To determine distributed leakage, note the firing point of the lamp.

The brilliance of the neon lamp gives an indication of greater or lesser output.

An adjustable base current control allows you to test transistors over a broad range oi current conditions.

It operation at increased current is desired, an additional load resistor may be inserted in the jacks.

Tite use of an AC voltmeter or oscilloscope as an output indicator will show a measurable output on collector currents as low as 5 ma.

Jacks are provided lor use with these instruments for; ‘

1) providing amplitude signal output indications

2) making sensitive noise tests

3) studying dynamic leakage distribution

4) wave form inspection

PRINCIPLES OF OPERATION:

A specially designed pulse signal generator is utilized in the Transistor Tester.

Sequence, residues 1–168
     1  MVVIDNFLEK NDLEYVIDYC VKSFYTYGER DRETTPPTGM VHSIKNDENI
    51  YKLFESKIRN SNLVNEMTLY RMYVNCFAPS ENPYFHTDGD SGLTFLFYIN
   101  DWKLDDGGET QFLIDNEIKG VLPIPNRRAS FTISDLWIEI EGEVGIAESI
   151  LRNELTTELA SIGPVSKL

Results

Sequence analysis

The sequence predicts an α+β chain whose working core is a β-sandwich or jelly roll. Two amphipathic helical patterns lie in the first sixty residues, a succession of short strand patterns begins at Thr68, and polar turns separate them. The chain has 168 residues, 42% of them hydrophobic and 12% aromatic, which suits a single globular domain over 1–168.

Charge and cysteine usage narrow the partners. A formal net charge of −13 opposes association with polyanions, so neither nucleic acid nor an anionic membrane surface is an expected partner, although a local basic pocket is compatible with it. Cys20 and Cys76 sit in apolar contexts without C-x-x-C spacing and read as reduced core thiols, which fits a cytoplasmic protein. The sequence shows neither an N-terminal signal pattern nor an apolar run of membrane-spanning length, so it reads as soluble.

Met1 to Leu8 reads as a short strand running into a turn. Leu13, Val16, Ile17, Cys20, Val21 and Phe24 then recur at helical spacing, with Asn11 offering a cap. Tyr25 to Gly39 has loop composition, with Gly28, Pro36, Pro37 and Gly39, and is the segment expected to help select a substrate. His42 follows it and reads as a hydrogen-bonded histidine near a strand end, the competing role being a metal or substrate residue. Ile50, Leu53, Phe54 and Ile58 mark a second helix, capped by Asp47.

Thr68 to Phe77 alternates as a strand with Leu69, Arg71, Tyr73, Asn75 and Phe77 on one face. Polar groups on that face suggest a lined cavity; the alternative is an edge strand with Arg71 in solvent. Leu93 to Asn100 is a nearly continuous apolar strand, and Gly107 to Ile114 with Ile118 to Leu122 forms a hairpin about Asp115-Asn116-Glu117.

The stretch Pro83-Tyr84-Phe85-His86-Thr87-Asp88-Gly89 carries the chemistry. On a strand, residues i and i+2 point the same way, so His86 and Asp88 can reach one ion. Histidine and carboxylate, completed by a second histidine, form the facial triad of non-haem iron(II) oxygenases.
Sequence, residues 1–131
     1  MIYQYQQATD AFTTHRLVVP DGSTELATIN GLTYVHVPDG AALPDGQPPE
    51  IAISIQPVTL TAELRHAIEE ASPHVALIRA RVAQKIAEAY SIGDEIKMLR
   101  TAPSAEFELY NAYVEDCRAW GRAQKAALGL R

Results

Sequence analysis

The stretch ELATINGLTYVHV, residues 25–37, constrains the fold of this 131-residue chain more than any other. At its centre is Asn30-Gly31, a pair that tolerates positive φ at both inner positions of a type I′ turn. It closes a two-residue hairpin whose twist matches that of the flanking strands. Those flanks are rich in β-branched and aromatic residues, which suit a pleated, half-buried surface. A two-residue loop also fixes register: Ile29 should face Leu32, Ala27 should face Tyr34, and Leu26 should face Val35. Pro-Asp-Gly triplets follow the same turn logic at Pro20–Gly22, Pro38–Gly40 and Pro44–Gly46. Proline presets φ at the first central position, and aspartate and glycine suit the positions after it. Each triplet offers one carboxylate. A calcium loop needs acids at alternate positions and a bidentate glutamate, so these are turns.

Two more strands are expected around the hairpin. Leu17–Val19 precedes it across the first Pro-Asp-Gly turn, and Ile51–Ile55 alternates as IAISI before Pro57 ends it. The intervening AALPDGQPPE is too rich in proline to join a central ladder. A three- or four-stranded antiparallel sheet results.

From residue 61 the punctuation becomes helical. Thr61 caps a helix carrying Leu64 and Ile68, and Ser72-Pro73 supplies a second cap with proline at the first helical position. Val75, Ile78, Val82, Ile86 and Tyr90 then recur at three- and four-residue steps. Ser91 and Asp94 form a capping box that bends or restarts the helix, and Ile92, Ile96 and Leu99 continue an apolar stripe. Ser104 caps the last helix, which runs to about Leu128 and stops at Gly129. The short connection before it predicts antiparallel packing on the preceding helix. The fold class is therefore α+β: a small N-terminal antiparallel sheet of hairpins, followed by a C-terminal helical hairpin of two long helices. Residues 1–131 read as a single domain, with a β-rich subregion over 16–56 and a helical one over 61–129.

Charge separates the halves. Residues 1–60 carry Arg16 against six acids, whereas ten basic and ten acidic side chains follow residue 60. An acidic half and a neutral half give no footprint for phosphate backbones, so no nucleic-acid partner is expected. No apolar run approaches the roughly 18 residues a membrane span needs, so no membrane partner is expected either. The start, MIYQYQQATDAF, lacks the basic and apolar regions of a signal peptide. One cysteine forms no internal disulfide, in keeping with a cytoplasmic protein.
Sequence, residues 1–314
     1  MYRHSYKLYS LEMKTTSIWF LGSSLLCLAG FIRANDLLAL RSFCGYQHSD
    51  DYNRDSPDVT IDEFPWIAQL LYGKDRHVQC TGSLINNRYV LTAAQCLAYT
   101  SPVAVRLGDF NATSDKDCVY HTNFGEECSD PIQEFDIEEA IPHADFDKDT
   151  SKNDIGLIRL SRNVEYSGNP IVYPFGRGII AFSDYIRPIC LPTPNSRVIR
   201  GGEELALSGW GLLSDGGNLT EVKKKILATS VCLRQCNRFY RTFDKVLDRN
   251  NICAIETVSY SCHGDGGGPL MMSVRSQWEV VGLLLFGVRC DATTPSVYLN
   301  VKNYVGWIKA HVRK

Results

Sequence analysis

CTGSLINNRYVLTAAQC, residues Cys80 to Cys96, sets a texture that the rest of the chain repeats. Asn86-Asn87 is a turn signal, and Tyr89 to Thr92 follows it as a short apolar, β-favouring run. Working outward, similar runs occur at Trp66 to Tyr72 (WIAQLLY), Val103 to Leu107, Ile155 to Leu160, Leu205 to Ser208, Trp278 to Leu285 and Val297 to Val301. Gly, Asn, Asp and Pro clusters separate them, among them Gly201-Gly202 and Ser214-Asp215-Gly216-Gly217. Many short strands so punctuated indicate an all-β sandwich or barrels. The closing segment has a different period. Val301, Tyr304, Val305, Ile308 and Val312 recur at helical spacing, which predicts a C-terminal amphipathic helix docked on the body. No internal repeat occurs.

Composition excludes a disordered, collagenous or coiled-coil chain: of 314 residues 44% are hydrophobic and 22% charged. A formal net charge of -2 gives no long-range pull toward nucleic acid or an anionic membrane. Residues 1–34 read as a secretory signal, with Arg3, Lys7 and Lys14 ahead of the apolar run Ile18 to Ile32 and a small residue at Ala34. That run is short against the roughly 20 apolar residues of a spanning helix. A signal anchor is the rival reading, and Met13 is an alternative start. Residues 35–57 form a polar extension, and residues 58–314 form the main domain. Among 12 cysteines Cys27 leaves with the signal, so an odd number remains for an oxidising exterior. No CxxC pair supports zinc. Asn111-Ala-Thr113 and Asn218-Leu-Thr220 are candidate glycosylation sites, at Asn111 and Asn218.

With a transistor connected to the test instrument, the AC signal developed in the primary winding is stepped up to the voltage necessary to fire the neon glow lamp (#NE·51)

‘ The brightness ot the indicator lamp varies in direct proportion to the signal output, hence, the greater the output. the brighter thc lamp will glow.

When using this unit with a voltmeter or scope, the lamp switch is opened ·(JFF) to prevent clipping or limiting due to the lamp bcing left in the circuit.

For "quirk check" anpllcations. set the base current control knob at "!0".

Advancing the knob will then reduce the base current to establish the power operating collector currents.